In a world increasingly defined by aspirational consumption, the BMW has powerful purchase in the socialised and globalised imaginary. To own a BMW is an indication of power, wealth and status which represents physical, social and economic freedom available only to a minority. With speeds of up to 225 km/h, the BMW Art Car propels past the standard BMW. Thus the BMW “art project” exemplifies the privilege of car owning. The 12th of the series is unlike anything BMW have encountered nor exhibited before. Dubbed the first “African Art Car”, Mahlangu was employed to paint the car according to traditional Ndebele painting. The bold, geometrical and colourful patterns of the BMW Art Car originate from the Ndebele people in the 19th century, who encountered a defeat against the Boer-settlers. Forced into a life oppression, the Ndebele people began using expressive symbols to communicate on the walls of their home; the designs became an expression of cultural resistance and identity. Once imprinted onto the BMW, the art of this traditional culture is blended with capitalist exploitation, in a way that both obscures and celebrates South Africa’s colonial past. When the Ndebele paintings are appropriated by an affluent company like BMW, the art itself becomes a commercial advertisement, and its original harrowing meaning is belittled. This is not dissimilar to how Coca Cola conveys an image of global unity which actually serves as a marketing ploy for consumer countries.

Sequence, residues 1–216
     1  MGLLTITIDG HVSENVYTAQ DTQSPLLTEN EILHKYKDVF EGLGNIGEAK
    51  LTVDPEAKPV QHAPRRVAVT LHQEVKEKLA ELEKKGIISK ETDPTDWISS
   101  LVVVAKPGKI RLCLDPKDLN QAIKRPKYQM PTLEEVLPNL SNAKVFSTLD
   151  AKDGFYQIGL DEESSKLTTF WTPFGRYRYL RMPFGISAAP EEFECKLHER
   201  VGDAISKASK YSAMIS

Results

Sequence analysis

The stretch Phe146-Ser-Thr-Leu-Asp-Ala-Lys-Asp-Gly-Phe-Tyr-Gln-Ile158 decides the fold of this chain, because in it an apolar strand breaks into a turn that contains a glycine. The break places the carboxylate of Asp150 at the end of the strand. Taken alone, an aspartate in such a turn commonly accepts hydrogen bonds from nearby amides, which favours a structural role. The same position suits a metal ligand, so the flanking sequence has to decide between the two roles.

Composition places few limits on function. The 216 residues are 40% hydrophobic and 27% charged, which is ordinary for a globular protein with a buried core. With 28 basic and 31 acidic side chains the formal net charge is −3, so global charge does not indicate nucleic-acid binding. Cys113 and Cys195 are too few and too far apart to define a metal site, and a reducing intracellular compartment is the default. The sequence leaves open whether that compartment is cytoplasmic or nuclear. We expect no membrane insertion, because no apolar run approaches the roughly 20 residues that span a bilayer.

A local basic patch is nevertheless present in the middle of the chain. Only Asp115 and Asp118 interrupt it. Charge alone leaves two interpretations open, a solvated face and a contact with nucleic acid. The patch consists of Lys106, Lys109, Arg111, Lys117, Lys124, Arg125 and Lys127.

Traditional Ndebele houses
Onto the BMW